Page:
For monitoring changing paths over time for latency and packet loss, I use a windoze-based program called PingPlotter - which still has a free edition available at: http://www.pingplotter.com/products/free.html - I highly recommend it. There is also a free-trial of the more fully-featured paid version available.

Of course, this only works from the end-point where the windoze box is located. However, you might be able to locate a windoze box at another location on the mesh, and use remote desktop/xrdp to run it from there (works well for me).

- Don - AA7AU
 

AE6XE
AE6XE's picture
If the network has frequently

If the network has frequently changing paths and/or flapping, this will be problematic regardless.   There's no mesh at the RF layer with AREDN, it's at the routing layer above that.  Using airOS in bridge mode, doesn't  change this behavior if AREDN-OLSR is still setting routing tables over the top of a part 15 AirOS link.   

VOIP and video will drop out as packets are lost during route table changes--takes time for all nodes on the network to be updated with changing route info.   Some applications may drop connection and exit.

Rule of thumb, engineer so route changes are not occurring on fixed location networks.  This means if there are 2 paths from A to B, if the OLSR ETX value is close on both paths, need to do something to get the ETX values far enough apart, so the route only changes when one path is actually down or severely degraded from normal. 

Joe AE6XE

w6bi
w6bi's picture
What Joe said!

I can vouch for what Joe said.   At my QTH I have two routes into the network: 5 GHz Primary and 2 GHz Secondary/backup.  I had to turn the 2 GHz power down about 6 dB to keep the route from flapping between the two.

Orv W6BI

w8erd
Pingplotter

Thanks for the reference to this program. It is great!

Bob W8ERD

w8erd
Pingplotter

Thanks for the reference to this program. It is great!

Bob W8ERD

KG4FJC
Ken, thank you for the input.

Ken, thank you for the input. Currently i have setup test equipment using it just as you suggest with factory fw in bridge mode and it works very well (at home). These are setup using Allstar controllers so the "audio" is all digital. I think i will continue rolling out this config and maybe incorporate some Aredn in future. We have some tower space at great mountain top sites.

w6bi
w6bi's picture
Streaming protocols over mesh network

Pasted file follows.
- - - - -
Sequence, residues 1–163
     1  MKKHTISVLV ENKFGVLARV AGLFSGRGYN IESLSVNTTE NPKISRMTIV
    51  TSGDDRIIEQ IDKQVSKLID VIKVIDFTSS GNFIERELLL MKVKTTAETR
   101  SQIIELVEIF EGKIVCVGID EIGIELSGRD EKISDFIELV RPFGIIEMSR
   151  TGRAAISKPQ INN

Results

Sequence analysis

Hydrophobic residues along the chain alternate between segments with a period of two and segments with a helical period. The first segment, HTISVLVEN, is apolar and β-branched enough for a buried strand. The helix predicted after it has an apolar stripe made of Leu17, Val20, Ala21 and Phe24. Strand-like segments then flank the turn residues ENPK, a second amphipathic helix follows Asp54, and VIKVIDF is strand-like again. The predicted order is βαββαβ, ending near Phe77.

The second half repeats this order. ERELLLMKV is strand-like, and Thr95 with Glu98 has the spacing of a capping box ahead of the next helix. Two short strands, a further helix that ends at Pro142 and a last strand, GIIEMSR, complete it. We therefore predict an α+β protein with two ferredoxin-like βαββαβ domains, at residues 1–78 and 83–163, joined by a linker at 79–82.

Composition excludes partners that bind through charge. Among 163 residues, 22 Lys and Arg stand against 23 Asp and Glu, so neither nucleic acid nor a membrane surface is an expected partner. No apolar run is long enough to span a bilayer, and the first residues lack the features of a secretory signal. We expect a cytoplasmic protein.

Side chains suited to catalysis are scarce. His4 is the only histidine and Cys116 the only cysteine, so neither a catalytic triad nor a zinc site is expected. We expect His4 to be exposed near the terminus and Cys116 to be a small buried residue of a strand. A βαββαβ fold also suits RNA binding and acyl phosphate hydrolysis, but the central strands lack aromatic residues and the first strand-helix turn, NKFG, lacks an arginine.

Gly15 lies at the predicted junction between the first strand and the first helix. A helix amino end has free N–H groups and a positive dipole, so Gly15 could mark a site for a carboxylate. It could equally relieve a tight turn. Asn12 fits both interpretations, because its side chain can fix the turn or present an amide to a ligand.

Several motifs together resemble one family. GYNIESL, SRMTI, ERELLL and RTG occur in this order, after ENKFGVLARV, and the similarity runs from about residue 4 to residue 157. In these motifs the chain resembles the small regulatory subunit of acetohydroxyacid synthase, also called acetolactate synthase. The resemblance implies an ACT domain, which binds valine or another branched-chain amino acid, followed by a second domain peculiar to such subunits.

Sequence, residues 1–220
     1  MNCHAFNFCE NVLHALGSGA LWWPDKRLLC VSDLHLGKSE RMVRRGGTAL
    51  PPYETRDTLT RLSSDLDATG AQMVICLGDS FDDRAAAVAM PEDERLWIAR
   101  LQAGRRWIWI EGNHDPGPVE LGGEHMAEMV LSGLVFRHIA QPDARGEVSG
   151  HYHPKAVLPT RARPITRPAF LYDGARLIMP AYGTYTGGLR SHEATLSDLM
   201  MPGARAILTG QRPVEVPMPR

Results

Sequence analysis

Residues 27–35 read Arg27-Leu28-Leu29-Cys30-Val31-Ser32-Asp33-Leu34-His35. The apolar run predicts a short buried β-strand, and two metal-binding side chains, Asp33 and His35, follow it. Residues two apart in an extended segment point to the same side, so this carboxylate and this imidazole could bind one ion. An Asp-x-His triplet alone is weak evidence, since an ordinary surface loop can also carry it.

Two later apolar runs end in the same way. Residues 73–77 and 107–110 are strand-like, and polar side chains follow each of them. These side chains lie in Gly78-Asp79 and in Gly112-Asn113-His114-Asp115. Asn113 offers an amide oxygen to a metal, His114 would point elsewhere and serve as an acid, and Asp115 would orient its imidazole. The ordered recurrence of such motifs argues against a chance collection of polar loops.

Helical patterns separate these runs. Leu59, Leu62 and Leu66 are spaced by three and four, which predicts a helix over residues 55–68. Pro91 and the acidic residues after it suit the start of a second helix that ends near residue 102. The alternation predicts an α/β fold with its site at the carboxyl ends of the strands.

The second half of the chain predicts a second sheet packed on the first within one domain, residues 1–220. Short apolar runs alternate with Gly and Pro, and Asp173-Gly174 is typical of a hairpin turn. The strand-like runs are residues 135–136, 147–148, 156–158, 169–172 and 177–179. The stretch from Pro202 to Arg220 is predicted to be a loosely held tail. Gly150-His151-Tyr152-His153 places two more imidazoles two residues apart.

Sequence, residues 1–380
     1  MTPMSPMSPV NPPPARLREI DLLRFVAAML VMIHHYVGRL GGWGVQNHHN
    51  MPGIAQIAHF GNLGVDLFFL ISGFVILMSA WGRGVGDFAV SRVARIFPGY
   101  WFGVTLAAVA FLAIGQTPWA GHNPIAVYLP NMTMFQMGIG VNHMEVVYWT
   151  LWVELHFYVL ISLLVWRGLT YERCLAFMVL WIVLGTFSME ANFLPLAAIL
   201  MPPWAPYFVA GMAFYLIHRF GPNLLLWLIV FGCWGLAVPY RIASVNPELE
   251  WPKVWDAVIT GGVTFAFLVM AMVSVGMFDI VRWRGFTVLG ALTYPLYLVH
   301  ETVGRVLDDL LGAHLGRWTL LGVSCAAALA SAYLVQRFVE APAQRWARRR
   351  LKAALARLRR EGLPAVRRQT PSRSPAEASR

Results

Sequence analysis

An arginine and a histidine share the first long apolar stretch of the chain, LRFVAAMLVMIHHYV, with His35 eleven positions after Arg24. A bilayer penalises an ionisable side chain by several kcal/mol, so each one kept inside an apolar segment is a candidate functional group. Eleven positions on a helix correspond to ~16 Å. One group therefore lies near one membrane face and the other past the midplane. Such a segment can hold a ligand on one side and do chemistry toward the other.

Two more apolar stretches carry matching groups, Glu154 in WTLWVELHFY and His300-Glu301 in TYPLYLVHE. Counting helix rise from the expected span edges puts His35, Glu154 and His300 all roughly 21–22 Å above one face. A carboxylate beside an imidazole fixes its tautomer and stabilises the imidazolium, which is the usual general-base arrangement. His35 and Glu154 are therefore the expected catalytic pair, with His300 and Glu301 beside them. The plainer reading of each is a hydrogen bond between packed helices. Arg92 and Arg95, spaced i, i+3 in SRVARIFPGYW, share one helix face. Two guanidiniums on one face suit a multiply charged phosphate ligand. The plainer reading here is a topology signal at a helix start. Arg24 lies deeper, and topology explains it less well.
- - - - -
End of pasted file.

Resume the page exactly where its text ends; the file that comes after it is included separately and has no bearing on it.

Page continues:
Just a observation - we have a weekly Teamtalk net on the ham network, using both voice and video.   Some of our participants are a hundred miles away over a half dozen hops.  Admittedly they're pretty high-quality hops, and half of them are Part 15 links but we rarely hear voice dropouts and while video artifacts are more common, they're not frequent, even with a half-dozen (low-res) video streams going.

My two cents.

Orv W6BI

KE2N
KE2N's picture
YMMV

I think that all it takes is a weak link somewhere on the mesh to cause problems. Since every ham is a DX-er at heart you are always subject to some one connecting who can just barely make the link and while we don't want to discourage that guy ... he does cause problems.

On the other hand, if *every* link on your mesh is high quality (very few retries) it makes a big difference in performance.  Still, in any side-by-side comparison, the dedicated AP/station mode of operation (especially with some low-overhead protocol) is going to outperform a mesh. 

Audio has the advantage that you can make a big jitter buffer to iron out a lot of the latency - as opposed to video.  Of course, with a big jitter buffer you may get an objectionable lag in the T/R  response time.

So I were designing a system specifically to link repeater audio channels (by audio it could be DSTAR, DMR, or whatever) I would still lean toward the non-mesh configuration.

Ken

AE6XE
AE6XE's picture
In the Southern SoCal AREDN

In the Southern SoCal AREDN design (LA and south), the back bone AREDN links are dedicated dishes, with clear unique channels in part 97.   Part 15 channels at 40 mi in our area don't work, too much noise.    Where there are weak link hams connecting in, this is on the Sector coverages, and impact the people in that coverage area, and doesn't impact the back bone link performance.  

Mixing AirOS part 15 links with AREDN links is done and can be done.   However, anyone considering this design, means more complexity, consequently a higher level of IT skillset is needed to sustain.   

Joe AE6XE

 

N4CV
Sharing with AREDN?

I agree with Ken's comments and analysis on the topic.  There are times that a dedicated, non-meshing, link is appropriate when you need more control of the routing and prioritization of traffic.

That said, I'm interested in how we can plan for those "off-ramp" connections to hang mesh infrastructure from a Part 15 microwave link.  Do we have to create a tunnel server on one end and client on the other, using the Part 15 "backbone" as the WAN connection?  The manufacturer firmware gives us the ability to trunk VLANs over the air, but our AREDN developers have recommended NOT to use microwave to extend a DtD connection utilizing VLAN2 noting latency intolerance in the DtD protocol.

@W6BI, what approach are you all in SoCal taking to work Part 15 links into your mesh?  Anyone else have experience with this?

AE6XE
AE6XE's picture
long haul AREDN vs AirOS

long haul AREDN vs AirOS

With auto-distance on an AREDN 40 mi 5GHZ link,  my testing suggests this is providing equivalent thoughput as AirOS TDMA.    Although I need to do the direct auto-distance-aredn with AirOS TDMA and get more numbers to have confidence.   Prior testing  showed that static-distance-aredn was ~70% throughput of AirOS TDMA.  All things were equal, with back-2-back swapping of firmware.     Then I compared static-distance-aredn with auto-distance-aredn and found a comparable improvement that suggests auto-distance-aredn is ~= AirOS TDMA or comparable throughput and latency.